|Bedford C||Leighton Buzzard B|
|1||Robert S Walker||1758||0||1||Kevin J Williamson||1953|
|2||Richard McMorran||1653||0.5||0.5||Adrian Matthews||1878|
|3||Callum T Shields||1660||1||0||C Fred H Dorn||1743|
|4||Giuseppe Valerio||1728||1||0||Tony Readman||1518|
|5||Oscar Tucker||1500e||0||1||Lee Davies||1791e|
Thursday saw a show down between Bedford C and Leighton Buzzard B, the two unbeaten teams in Div 2, and at the end of a long evening not much had changed and both were still unbeaten.
On Board 5 Oscar started brilliantly and got much the better of the opening. All minor pieces were exchanged early on leaving Oscar a solid pawn up with very active major pieces and every prospect of a second pawn. However with his King home alone he overlooked a bank rank check, which cost him his Queen and the game.
On Board 3 Callum was up against the wily Fred Dorn and boldly flung his pawns forward. He soon won a pawn with check and established a vice like grip on Fred’s King side, which he never relinquished. Eventually, with Callum about to promote to a Queen, Fred raised both hands in surrender!
Next to finish was Richard on Board 2 following a cagey encounter with both players initially reluctant to advance beyond the third rank. Eventually all minor pieces were exchanged and they reached a rook and pawn ending in which neither side had much prospect of attacking and agreed a draw.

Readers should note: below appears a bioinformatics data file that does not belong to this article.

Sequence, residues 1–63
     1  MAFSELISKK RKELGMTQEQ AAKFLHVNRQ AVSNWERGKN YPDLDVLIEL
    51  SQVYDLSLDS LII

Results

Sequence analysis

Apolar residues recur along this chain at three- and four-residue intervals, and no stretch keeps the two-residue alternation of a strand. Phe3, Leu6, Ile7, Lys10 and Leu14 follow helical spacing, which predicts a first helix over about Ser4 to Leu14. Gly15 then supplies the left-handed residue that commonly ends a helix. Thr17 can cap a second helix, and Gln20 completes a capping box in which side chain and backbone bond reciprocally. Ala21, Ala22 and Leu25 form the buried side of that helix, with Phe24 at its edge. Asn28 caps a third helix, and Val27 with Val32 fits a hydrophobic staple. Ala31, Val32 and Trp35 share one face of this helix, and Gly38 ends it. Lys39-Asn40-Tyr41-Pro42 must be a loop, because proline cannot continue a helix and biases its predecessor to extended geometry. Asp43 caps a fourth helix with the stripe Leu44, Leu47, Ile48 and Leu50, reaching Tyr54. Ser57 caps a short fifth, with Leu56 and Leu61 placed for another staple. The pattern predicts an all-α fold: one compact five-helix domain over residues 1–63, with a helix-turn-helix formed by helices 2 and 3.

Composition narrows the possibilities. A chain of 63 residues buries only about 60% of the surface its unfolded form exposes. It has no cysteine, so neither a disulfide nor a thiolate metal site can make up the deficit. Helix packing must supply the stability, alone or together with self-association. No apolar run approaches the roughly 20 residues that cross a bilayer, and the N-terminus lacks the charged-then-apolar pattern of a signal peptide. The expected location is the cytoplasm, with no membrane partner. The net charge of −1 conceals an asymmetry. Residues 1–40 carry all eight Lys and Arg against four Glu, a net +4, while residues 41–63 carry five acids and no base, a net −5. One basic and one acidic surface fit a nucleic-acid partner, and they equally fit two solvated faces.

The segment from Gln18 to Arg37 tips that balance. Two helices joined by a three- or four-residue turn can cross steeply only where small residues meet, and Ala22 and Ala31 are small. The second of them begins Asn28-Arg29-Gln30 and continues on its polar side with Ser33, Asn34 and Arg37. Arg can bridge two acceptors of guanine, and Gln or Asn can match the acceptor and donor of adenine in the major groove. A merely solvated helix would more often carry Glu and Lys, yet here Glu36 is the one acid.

Joe was next up on board 4 – a lowly board for a player with his pedigree due to Callum’s good form. He got good pressure from his favourite Queen”s side fianchetto against his opponent’s backward Queen’s pawn and eventually crashed through to win a piece.
That left Robert on top board against the County Captain Kevin Williamson. Robert had fallen behind on the clock but reached a tense ending in which Kevin had two Bishops against Robert’s Bishop and Knight and 5 or 6 pawns each. Kevin had a pawn on a7 threatening to promote if only he could dislodge Robert’s Bishop on a8. I had thought it was just a question of a win for Kevin or a draw, but Robert managed to swap his Knight for Bishop, and that put the game on a knife edge – so easy for either player to make one small but fatal error. Finally after both players had promoted to Queen Robert, under severe clock pressure, left his Queen en pris. It was a very exciting game watched by a small crowd most of whom had strong, but differing, opinions on what they had just witnessed.
We were tantalisingly close to winning the match but, significantly outrated, a draw was a good result.
Peter Gill, 18th February 2022